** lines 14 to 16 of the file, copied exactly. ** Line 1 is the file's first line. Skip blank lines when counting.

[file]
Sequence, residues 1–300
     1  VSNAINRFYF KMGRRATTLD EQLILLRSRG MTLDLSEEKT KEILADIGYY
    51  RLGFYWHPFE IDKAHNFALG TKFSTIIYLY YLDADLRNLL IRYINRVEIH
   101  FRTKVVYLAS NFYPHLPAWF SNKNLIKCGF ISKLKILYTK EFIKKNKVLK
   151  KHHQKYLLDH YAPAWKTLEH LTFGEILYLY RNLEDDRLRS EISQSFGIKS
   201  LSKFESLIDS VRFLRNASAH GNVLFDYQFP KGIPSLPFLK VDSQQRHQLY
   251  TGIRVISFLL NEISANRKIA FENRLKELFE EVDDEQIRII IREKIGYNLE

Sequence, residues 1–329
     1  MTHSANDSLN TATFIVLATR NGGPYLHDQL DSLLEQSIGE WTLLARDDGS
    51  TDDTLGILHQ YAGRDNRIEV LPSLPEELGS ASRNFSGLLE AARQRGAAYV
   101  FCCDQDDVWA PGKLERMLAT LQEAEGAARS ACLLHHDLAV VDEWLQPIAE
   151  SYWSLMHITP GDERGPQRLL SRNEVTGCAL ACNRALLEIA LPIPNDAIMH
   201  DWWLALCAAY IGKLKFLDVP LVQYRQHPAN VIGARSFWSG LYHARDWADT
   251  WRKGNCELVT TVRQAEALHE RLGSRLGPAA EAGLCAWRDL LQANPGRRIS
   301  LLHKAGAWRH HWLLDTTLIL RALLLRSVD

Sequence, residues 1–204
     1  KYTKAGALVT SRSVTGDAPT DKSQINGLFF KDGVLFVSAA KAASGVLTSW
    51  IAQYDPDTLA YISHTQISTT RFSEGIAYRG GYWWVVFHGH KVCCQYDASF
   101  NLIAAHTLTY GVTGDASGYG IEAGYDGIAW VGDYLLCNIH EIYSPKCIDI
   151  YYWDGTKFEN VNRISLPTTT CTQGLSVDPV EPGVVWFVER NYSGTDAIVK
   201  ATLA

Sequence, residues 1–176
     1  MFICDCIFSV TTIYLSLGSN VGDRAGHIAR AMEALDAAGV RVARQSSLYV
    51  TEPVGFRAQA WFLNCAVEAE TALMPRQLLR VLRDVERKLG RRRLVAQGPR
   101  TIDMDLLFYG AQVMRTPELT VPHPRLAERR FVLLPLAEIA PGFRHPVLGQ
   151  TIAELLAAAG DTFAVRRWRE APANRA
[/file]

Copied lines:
   251  WRKGNCELVT TVRQAEALHE RLGSRLGPAA EAGLCAWRDL LQANPGRRIS
   301  LLHKAGAWRH HWLLDTTLIL RALLLRSVD

Sequence, residues 1–204